More Than 6 Certified Nursing Assistants Are Leaving Profession for Every 1 New Certified (Q2 2021 Estimate); Florida Patient Care at Risk, and Even Worse Shortages Looming With November Covid Vaccine Mandates
For Immediate Release
October 26, 2021
Mike McHugh, 913-254-6014
Release at a Glance
- As of Q3 2021, an estimated 6.15 certified nursing assistants (CNAs) are leaving the profession for every 1 new CNA certified in the state of Florida.
- Covid vaccine mandates widely expected in November by employers ahead of federal government regulations for healthcare facilities will greatly exacerbate the staffing shortage
- Already beleaguered nursing homes, long-term care, and other skilled nursing facilities will be hardest hit
PINELLAS PARK, Fla., October 26, 2021 –
According to the release of the CNA Shortage Index, a quarterly estimate of how well the production of new certified nursing assistants (CNAs) is keeping up with staffing needs in Florida healthcare facilities, the state of Florida faces an acute shortage that will compromise the quality of patient care if not remedied quickly.
The CNA Shortage Index estimates that as of Q2 2021, there are 6.15 CNAs leaving the profession for every 1 new CNA certified in the state of Florida.
This release of the CNA Shortage Index—published by state-approved CNA training provider Premier Nursing Academy based on data about newly minted CNAs in Q2 2021 by the Florida Board of Nursing—quantifies the staffing gap among this entry-level nursing labor force. Certified nursing assistants are a critical component of the frontline patient care workforce, including in hospitals, long-term care, dialysis, and hospice facilities, and home care settings. CNAs may also fill roles such as patient care technician or home health aide.
Evidence confirming these recent CNA staffing shortages in Florida is all the more alarming given the looming change by most healthcare employers to require Covid vaccinations among their staff in anticipation of a federal Covid vaccine mandate for all Medicare- and Medicaid-certified facilities. A widespread vaccine mandate is expected to make filling open roles in healthcare more challenging for employers, but especially for an occupation that has average Covid vaccination rates of less than 50% and provides much of the direct patient care in many facilities. Nursing homes are particularly vulnerable to CNA shortages, because CNAs make up the largest employee job group in these facilities by far, and state regulations require minimum ratios of CNAs to residents.
“The current shortage of CNAs is about to be exacerbated in a big way by self-imposed or government regulatory requirements for healthcare staff to be vaccinated against Covid,” explains Matt Killday, Chief Operating Officer of Premier Nursing Academy. “Regardless of your point of view about vaccine mandates as a policy, the business and social implications are clear: the quality of patient care is at risk in many of Florida’s health facilities if there are not enough qualified CNAs to employ.”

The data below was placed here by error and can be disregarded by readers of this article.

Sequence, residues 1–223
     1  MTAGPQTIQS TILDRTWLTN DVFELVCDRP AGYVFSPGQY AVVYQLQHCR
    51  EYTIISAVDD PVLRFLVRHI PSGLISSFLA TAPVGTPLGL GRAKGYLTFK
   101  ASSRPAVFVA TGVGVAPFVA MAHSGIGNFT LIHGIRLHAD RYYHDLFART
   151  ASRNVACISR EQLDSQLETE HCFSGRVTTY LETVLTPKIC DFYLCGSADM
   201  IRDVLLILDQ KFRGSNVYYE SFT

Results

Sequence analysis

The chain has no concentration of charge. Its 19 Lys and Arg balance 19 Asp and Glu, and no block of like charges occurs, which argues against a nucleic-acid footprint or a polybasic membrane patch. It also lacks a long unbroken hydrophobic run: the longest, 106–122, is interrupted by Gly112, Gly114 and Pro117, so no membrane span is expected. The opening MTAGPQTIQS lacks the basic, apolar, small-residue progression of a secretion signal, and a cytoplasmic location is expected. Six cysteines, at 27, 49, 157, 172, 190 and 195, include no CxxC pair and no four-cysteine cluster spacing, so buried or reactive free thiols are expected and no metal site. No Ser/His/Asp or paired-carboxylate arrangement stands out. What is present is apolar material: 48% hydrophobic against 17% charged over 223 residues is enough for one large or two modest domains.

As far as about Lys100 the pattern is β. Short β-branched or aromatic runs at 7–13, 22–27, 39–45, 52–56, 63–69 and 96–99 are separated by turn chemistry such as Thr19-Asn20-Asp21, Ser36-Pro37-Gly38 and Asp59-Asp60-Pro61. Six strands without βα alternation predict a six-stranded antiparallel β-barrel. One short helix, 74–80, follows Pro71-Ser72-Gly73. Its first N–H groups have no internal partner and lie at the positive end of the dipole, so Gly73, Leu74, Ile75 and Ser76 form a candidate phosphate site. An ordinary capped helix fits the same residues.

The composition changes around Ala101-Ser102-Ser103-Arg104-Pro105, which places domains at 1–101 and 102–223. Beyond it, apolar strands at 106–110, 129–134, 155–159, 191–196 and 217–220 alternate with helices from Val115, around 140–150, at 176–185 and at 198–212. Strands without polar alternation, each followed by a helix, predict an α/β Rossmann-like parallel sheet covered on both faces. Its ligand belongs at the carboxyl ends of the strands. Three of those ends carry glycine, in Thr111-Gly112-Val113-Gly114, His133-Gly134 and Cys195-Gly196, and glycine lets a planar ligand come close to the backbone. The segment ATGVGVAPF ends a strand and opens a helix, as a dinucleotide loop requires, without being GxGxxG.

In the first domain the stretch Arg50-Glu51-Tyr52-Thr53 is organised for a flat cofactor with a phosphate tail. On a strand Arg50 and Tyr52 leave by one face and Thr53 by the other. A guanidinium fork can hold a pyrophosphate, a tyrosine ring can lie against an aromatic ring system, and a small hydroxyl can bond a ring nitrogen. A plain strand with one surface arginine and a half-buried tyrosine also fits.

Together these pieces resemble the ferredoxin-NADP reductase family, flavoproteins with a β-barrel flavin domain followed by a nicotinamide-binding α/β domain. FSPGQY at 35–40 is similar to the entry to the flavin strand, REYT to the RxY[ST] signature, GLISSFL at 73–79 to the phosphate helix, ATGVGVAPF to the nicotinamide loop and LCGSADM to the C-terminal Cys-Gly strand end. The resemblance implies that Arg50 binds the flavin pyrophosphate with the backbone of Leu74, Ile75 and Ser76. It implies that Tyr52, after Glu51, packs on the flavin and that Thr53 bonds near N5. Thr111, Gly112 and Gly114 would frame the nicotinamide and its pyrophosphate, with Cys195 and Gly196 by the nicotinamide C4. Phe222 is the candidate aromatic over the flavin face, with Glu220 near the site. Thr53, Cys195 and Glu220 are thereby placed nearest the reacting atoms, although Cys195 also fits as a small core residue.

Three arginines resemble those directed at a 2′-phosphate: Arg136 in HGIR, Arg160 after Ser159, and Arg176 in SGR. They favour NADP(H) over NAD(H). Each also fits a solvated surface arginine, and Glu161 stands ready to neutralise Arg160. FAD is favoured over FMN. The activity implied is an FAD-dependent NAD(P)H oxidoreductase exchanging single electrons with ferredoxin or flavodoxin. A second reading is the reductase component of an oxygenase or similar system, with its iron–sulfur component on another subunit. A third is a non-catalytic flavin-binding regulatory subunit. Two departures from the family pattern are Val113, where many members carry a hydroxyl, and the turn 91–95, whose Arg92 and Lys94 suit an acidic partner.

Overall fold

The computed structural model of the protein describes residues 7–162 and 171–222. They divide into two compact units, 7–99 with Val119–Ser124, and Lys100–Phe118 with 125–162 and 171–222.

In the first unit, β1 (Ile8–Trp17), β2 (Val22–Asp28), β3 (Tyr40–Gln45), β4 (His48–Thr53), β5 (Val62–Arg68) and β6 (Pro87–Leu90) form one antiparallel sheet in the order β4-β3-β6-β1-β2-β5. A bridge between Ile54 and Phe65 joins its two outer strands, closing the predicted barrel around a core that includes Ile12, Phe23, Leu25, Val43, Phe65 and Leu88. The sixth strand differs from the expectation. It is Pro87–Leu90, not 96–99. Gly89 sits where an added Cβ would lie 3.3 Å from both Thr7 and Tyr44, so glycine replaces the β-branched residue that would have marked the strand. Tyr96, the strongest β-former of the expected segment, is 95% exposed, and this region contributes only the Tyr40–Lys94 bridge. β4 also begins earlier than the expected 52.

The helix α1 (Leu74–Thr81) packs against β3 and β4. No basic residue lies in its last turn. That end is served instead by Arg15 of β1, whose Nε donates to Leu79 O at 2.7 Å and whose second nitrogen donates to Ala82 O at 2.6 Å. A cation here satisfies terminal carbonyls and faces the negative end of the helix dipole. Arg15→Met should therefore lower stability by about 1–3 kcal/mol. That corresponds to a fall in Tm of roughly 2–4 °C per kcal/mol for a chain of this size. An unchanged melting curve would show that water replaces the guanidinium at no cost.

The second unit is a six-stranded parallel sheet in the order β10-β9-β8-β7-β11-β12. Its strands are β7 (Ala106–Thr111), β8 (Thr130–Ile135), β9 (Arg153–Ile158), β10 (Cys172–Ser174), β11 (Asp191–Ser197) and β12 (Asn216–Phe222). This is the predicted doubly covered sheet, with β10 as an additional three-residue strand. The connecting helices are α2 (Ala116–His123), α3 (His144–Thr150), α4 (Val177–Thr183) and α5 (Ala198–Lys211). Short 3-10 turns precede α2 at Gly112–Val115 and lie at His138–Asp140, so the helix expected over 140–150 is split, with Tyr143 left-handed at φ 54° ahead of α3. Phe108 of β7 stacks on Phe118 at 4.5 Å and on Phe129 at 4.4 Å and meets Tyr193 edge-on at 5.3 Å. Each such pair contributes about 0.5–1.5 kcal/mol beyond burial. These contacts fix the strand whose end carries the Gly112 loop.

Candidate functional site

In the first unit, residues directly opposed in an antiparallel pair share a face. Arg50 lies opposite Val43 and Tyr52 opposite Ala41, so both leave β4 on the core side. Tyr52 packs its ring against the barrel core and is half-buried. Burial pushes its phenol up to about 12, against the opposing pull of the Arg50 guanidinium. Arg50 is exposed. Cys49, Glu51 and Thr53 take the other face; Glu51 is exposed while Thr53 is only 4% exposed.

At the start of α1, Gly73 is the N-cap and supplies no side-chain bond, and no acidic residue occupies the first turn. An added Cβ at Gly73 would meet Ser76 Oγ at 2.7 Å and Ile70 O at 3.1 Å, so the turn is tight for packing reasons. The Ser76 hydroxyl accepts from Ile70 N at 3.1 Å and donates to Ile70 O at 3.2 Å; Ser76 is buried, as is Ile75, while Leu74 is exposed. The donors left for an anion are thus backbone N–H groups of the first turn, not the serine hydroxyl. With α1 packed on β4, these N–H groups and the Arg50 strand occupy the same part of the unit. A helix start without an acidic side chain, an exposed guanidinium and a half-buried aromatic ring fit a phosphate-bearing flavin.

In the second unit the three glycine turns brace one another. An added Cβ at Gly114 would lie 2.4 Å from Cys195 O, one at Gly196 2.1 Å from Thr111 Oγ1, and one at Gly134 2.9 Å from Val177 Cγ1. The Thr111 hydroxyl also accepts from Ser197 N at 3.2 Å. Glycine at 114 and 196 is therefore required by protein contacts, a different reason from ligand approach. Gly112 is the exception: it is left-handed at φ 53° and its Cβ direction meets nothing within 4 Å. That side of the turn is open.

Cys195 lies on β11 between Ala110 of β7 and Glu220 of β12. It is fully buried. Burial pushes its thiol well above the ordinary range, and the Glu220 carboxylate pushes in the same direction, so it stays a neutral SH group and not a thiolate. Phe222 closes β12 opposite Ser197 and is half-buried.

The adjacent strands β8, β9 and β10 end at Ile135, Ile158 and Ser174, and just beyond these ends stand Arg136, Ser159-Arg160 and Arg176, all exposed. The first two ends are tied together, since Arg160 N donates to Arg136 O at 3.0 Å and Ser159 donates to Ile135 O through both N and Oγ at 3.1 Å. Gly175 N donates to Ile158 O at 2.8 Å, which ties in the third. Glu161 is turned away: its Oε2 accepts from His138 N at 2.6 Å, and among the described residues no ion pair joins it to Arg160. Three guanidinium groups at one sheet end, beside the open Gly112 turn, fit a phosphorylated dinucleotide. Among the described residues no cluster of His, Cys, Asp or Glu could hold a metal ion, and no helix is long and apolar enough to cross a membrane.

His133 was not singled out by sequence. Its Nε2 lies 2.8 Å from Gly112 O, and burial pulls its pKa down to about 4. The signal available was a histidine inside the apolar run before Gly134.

“Regardless of your point of view about vaccine mandates as a policy, the business and social implications are clear: the quality of patient care is at risk in many of Florida’s health facilities if there are not enough qualified CNAs to employ.”
“All stakeholders in the CNA supply pipeline—healthcare employers, CNA training programs, the Florida state government, and nursing associations—need to work together in unprecedented ways to navigate this upcoming shortage for the good of public health,” said Mike McHugh, Premier Nursing Academy’s Chief Executive Officer.
About the CNA Shortage Index
The CNA Shortage Index estimates the replacement rate of CNAs, expressed as the number of new CNAs entering the workforce in recent quarters for every CNA leaving the profession. It is calculated based on the latest release of data from the Florida Board of Nursing (FBON) about the preceding quarter’s CNA exam pass rates, as well as employment data from the U.S. Department of Labor’s Bureau of Labor Statistics for the nursing assistant occupation.
The index is published by Premier Nursing Academy, a Florida Board of Nursing-approved CNA training provider. This is the inaugural release of the CNA Shortage Index. For more details, visit https://www.premiernursingacademy.org/cna-shortage-index.
About Premier Nursing Academy
Premier Nursing Academy is a contract training provider serving aspiring healthcare professionals. Founded in 2017, Premier Nursing Academy offers an innovative no-cost training program in which candidates are hired by employers who pay for their training through Premier Nursing Academy. Premier Nursing Academy assists these employers by addressing their staffing shortages in skilled, entry-level healthcare roles.
Premier Nursing Academy currently focuses on training certified nursing assistants (CNAs) in 6-week programs that prepare graduates to pass their CNA exam. It operates training centers in Pinellas Park (Tampa metro area) and Bradenton (Sarasota metro area), with plans to expand to the Jacksonville metro area. Premier Nursing Academy has been licensed by the Florida Board of Nursing to provide CNA training since 2019. For more information visit https://www.premiernursingacademy.org/.